The SPD domestic politician Sebastian Fiedler sees the Italian mafia organization 'Ndrangheta responsible for a "cocaine glut" in Germany.
"We have an extreme drug problem here, which is based on the activities of the 'Ndrangheta, among others," said the criminal policy spokesman for the SPD parliamentary group in the Berlin daily "Tagesspiegel". "In Germany we have a cocaine glut with massive negative health consequences." Although large quantities of cocaine are constantly seized, the market price does not change.
Yesterday, around 150 suspected mafiosi were arrested in several countries in one of the largest raids in Europe against the 'Ndrangheta. In Germany alone, around 30 arrest warrants were executed in North Rhine-Westphalia, Rhineland-Palatinate, Bavaria and Saarland. Most of the suspects were arrested in Italy.
According to Fiedler, Germany is "a popular place for money laundering" for the mafia. The former chairman of the Association of German Detectives said: "Cash-intensive small businesses such as restaurants and ice cream parlors are used to launder money from criminal businesses." In addition, Germany is attractive as a place of rest and retreat for the mafia.
Reul: Mafia structures in NRW have grown for decades
According to Interior Minister Herbert Reul (CDU), the mafia has been active in North Rhine-Westphalia for decades. "It has grown for decades, a criminal structure, just smarter than the clans and in secret," said Reul in an interview with the news podcast "The Pioneer". "They use normal channels, they buy houses, they buy cars, they have ice cream parlors. They give the impression that there is a huge turnover, but in reality money is being laundered." It is therefore no wonder that the mafia uses economically strong areas such as North Rhine-Westphalia as a retreat.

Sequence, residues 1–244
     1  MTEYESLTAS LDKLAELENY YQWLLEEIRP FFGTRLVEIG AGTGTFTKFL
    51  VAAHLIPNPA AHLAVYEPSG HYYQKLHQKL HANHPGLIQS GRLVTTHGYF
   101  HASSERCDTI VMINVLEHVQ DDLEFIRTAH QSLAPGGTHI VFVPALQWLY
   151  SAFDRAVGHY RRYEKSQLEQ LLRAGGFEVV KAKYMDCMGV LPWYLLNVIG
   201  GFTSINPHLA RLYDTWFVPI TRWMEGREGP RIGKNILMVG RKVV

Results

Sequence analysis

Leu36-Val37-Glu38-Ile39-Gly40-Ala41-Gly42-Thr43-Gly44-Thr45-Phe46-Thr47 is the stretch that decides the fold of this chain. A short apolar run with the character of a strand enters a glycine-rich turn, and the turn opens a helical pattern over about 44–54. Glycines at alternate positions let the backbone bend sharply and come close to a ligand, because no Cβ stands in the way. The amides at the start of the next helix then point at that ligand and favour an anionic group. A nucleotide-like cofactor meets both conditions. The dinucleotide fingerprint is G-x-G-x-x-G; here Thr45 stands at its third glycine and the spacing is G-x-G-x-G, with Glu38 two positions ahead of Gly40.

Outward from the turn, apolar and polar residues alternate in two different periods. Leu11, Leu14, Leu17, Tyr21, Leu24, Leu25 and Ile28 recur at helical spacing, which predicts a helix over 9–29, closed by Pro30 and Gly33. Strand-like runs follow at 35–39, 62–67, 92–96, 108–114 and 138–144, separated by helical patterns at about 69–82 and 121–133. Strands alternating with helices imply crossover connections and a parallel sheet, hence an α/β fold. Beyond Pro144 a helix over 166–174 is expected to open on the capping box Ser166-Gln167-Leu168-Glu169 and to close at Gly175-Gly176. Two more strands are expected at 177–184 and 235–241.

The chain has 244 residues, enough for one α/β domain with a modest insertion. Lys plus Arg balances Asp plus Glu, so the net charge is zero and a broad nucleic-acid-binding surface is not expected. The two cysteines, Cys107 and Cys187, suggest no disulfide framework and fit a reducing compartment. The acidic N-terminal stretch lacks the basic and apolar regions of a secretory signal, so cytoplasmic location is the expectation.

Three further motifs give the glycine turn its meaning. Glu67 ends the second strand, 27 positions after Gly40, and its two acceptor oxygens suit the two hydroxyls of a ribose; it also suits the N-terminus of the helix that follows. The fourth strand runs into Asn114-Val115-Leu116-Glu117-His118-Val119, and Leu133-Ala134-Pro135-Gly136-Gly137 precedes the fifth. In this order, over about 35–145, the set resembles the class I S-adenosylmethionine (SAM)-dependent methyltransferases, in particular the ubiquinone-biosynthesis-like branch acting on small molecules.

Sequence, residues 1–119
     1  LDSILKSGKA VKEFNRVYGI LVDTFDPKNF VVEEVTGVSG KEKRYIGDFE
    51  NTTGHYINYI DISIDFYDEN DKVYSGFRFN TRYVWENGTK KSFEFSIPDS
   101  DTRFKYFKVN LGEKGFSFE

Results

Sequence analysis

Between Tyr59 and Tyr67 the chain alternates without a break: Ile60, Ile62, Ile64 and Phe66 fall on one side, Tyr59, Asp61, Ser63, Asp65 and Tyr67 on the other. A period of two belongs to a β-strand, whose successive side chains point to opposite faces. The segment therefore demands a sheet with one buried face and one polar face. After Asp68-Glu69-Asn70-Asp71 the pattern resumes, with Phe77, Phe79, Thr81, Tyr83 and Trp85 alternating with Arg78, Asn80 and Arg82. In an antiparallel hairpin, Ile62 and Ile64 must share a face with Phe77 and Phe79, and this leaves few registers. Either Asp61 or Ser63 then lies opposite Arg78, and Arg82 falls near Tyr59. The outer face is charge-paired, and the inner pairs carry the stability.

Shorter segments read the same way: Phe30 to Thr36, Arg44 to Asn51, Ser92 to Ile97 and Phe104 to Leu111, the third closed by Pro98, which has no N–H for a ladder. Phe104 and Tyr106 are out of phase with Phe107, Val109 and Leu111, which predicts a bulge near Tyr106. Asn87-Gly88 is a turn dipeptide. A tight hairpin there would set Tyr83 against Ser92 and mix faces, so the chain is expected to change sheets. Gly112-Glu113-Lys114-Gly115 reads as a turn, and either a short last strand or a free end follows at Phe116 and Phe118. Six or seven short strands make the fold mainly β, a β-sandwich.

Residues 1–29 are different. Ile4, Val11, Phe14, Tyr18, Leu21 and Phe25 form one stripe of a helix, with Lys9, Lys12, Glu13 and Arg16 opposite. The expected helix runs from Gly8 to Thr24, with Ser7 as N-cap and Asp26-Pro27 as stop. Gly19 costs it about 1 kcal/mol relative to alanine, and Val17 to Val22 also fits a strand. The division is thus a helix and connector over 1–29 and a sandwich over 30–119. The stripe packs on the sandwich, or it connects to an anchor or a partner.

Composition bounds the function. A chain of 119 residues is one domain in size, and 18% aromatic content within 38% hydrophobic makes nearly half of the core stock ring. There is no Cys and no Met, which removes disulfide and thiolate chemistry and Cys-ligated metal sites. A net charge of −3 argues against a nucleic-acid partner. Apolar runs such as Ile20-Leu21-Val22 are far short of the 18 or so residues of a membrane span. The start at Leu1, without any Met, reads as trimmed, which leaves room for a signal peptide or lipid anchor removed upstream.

According to Reul, the mafia is particularly strong in Germany and North Rhine-Westphalia "because we love cash". Since many transactions are made with cash in this country, there are also many ways to launder money. "Cash infatuation is one of the main problems," said Reul.
"Even big things like buying real estate and cars are very often done with cash in Germany. There are limits, but the question has to be asked, are they actually enough if we want to get it under control."